Most of non-Nepalese people, especially the Westerners, when we talk about Sherpa, we think about people working as a porters or trekking and climbing guides in the Himalayan mountains in Nepal. But this is a biased and very limited view of an ethnic group, the Sherpa, which is a people of Tibetan origin, with a history, language, culture and traditions of its own.

In this post I will try to explain it in a synthesized and understandable way, to put this project in context.

The arrival of the first Sherpas in Nepal

Historians have established, based on the oral transmission of history and legends, that the first Sherpa arrived in Nepal about 500 years ago, from central Tibet, where they had arrived from the Kham region in the east of the country, probably displaced due to religious persecutions. In fact, the word Sherpa (Sharwa in its language) means people from the east.

They entered Nepal through the valleys of the Khumbu crossing the Himalayas through mountain passes of more than 5,000 m. looking for the beyul (hidden sacred valley). Initially, they were mostly established by the area known today as the Solukhumbu district formed by the Khumbu, Pharak and Shorong (Solu) regions. They also settled in the valley of Rolwaling, located west of Khumbu.

These lands were, at that time, uninhabited lands, with some of the toughest living conditions on earth. There they lived in a relative peace and practiced Vajrayana Buddhism, which is the basis of their culture, traditions and lifestyle.

Along the centuries, several groups arrived and were the origin of the four main Sherpa clans: Minyagpa, Thimmi, Sertawa and Chawa, from which the more than 20 clans that exist today are originated.

Initially, the first inhabitants settled down below what is now the village of Nauche (better known by Namche in Nepali) since at that time the upper valleys were very cold. With the completion of the Little Ice Age, around 1850, environmental conditions improved, and this allowed them to move gradually towards higher levels, movement, this one, which continues today as a result of the current climate change.

The Sherpa language

The Sherpa language belongs to the Tibetan language group, consisting of more than 25 languages ​​and more than 200 dialects. There is a widespread belief that the Sherpa language has no writing, but it is not true. What is certain is that, basically, it is a spoken language since the knowledge of the Sherpa write language is limited mainly to monks and some scholars.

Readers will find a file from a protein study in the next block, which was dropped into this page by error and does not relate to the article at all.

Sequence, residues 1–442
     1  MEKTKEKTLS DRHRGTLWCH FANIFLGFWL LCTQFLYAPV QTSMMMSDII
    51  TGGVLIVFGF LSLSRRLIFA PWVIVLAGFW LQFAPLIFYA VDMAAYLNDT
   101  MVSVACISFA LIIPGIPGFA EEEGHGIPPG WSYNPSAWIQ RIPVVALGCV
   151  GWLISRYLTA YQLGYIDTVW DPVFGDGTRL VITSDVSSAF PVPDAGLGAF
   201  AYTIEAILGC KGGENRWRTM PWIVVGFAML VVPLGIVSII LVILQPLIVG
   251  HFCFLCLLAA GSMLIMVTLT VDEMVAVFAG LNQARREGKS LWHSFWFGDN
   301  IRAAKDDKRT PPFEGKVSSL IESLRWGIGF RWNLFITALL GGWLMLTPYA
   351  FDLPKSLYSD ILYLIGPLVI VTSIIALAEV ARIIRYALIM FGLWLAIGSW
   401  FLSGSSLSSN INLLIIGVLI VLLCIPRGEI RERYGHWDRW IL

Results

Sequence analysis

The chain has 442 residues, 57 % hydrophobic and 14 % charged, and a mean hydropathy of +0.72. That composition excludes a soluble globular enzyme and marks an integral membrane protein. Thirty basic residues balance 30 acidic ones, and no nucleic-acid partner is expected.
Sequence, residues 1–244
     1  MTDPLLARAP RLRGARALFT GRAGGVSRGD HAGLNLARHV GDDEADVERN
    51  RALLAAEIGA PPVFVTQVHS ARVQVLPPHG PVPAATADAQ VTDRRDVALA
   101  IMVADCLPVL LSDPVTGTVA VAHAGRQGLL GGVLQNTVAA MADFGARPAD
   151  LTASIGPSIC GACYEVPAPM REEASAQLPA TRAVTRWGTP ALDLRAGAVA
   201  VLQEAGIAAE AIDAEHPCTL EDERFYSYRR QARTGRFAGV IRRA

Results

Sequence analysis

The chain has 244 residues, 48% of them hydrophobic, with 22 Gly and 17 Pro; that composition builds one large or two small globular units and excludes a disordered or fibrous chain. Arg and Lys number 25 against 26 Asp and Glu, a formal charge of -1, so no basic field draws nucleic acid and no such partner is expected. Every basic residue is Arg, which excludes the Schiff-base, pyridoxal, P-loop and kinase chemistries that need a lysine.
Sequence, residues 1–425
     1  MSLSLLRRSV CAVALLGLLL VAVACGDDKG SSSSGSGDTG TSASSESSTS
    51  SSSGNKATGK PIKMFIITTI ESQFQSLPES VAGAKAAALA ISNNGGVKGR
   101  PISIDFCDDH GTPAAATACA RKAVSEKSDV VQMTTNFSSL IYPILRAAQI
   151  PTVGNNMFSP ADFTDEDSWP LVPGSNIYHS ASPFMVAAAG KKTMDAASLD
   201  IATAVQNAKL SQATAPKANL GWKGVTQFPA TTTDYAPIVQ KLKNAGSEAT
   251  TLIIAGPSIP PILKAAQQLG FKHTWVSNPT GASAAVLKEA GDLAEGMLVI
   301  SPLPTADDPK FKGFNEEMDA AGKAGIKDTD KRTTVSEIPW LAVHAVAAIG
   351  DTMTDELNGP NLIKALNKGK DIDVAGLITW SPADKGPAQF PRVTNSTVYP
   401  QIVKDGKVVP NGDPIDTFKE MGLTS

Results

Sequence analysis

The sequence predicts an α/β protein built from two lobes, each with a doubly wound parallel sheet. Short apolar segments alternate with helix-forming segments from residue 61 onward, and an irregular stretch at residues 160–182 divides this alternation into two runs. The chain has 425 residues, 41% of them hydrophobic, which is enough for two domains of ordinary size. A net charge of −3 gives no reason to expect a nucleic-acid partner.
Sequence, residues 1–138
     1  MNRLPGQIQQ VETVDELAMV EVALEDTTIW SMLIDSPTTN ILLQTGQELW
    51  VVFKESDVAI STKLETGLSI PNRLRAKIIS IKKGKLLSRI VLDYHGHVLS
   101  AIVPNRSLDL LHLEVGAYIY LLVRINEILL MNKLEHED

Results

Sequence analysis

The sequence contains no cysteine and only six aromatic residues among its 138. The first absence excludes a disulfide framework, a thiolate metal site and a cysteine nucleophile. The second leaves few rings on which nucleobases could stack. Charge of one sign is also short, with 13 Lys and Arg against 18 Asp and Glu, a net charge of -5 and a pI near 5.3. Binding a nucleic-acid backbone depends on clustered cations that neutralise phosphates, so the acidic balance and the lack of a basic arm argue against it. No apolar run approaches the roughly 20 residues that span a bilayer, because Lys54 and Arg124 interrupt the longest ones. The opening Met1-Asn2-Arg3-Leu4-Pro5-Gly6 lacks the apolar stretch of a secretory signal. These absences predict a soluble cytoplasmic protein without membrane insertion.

The fact that education has been done, until recently, only in Nepali and English has had among other consequences that “Sherpa speakers” when they communicate in writing they do it in Nepalese or English.

The growing awareness of institutions and people in the revitalization of Sherpa’s language and culture has led to many initiatives in the field of education and the use of written language in recent years, which should reverse this situation.

The Khumbu and its inhabitants

The Khumbu region is formed by the set of the valleys of the upper river basin of the Dudh Kosi River and its three tributaries Bhote Kosi and Imja Khola, to the north of which we find three peaks of more than 8,000 m, the Cho Oyu, the Jomolangma (Everest) and Lhotse. The southern limit of this region is at the confluence of the Bhote Kosi and Dudh Kosi rivers, just above the village of Jorsale where, after crossing the new hanging bridge bearing the name of Edmund Hillary, the path begins up to Nauche, the main town of Khumbu.

After the last administrative reforms in Nepal, this area is known as Khumbu Pasang Lhamu Rural Municipality (KPLRM). According to data from the census of 2011, 8,989 people live there, of which 5,628 (62.62%) are Sherpas, which means that in this area is where live the largest Sherpa population, in relative terms, in the world

That is why I decided to develop my project in this area, to know better how it is its daily life in the XXI century.